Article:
How the US Can Get its Groove Back

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the Boston Globe

How the US Can Get its Groove Back

John Shattuck

One of the biggest challenges facing the next president is how to restore US credibility in the world. Despite military assets unparalleled in history, US global standing has hit rock bottom.

The United States government is widely perceived today to be a violator of human rights. A poll conducted by the British Broadcasting Corp. last year in 18 countries on all continents revealed that 67 percent disapproved of US detention and interrogation practices in Guantanamo. Another poll in Germany, Great Britain, Poland, and India found that majorities or pluralities condemned the United States for torture and other violations of international law. A third poll by the Chicago Council on Foreign Relations showed that majorities in 13 countries, including traditional allies, believe "the US cannot be trusted to act responsibly in the world."

The gap between America's values and its actions has severely eroded US global influence. How does it get it back?

First, by obeying the law. The United States was founded on the rule of law. Human rights are defined and protected by the Constitution and international treaties ratified and incorporated into domestic law. By flouting basic rules - such as habeas corpus, the Convention Against Torture, and the Geneva Conventions - the US government has created a series of "law-free zones." In these zones detainees have been abused, thousands held indefinitely without charges, and human rights trampled on.

Second, by practicing what we preach. The United States loses credibility when it charges others with human rights violations that it is also committing. The State Department routinely criticizes other countries for engaging in torture, detention without trial, and warrantless electronic surveillance, despite its own recent abysmal record in these areas.

Fortunately, history shows that US influence in the world can be restored when its values and policies are brought into alignment. A series of bipartisan human rights initiatives during five recent presidencies - three Republican and two Democratic - enhanced the stature of American foreign policy.

President Gerald Ford signed the Helsinki Accords, leading to international recognition of the cause of human rights inside the Soviet bloc. President Jimmy Carter mobilized democratic governments to press for release of political prisoners by repressive regimes. President Ronald Reagan signed the Convention Against Torture and persuaded the Senate to ratify it. President George H.W. Bush joined with other governments in the Organization for Security and Cooperation in Europe to nurture new democracies of the post-Cold War era. And President Bill Clinton worked with NATO and the UN to implement the Genocide Convention and bring an end to the human rights catastrophe in the Balkans.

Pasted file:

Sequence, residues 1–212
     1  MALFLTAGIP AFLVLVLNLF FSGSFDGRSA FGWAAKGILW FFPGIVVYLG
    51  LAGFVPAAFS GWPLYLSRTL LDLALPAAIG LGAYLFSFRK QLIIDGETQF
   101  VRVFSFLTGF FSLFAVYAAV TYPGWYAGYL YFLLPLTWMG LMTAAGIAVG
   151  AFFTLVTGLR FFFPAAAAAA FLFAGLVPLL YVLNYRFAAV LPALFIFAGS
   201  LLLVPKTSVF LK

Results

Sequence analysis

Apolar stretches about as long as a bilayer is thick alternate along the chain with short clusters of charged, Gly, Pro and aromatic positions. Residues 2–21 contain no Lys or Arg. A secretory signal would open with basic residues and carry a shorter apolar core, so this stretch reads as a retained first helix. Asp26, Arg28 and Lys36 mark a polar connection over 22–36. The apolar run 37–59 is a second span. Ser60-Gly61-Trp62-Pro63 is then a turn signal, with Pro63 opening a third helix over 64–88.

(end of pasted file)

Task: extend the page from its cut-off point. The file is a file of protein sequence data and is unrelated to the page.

The next president can restore US influence by reconnecting the nation's values and policies on human rights and the rule of law. He should announce three initiatives.

Truth commission. At times in recent history the nation has created high-level commissions to probe national crises and make recommendations about how to prevent them in the future. Most notably, the Kerner Commission on race in the 1960s, the commission in the 1980s on the internment of Japanese-Americans during World War II, and the commission on the events of 9/11 all addressed complex, controversial, and far-reaching national crises. A similar commission is needed to get the truth about recent abuses of human rights and the rule of law by the US government.

US Human Rights Commission. An institution that can monitor the US government's future compliance with the rule of law on human rights needs to be created. The next president should endorse legislation pending in Congress to establish a US Commission on Human Rights with oversight authority and subpoena power. The legislation would require the executive branch to provide regular reports to the commission on how it is complying with international human rights treaties such as the Torture Convention and the Geneva Conventions.

Law Enforcement. The most basic principle in the Constitution is that no person is above the law. The next president should direct the attorney general to uphold this principle by investigating and prosecuting any crimes that may have been committed involving the violation of fundamental human rights.

By recommitting the United States to a foreign policy under the rule of law, US moral leadership in the world can be restored, and by doing so, national security can be significantly strengthened.

John Shattuck, CEO of the John F. Kennedy Library Foundation, served as assistant secretary of state for democracy, human rights and labor, and ambassador to the Czech Republic in the Clinton administration.

© Copyright 2008 The Boston Globe

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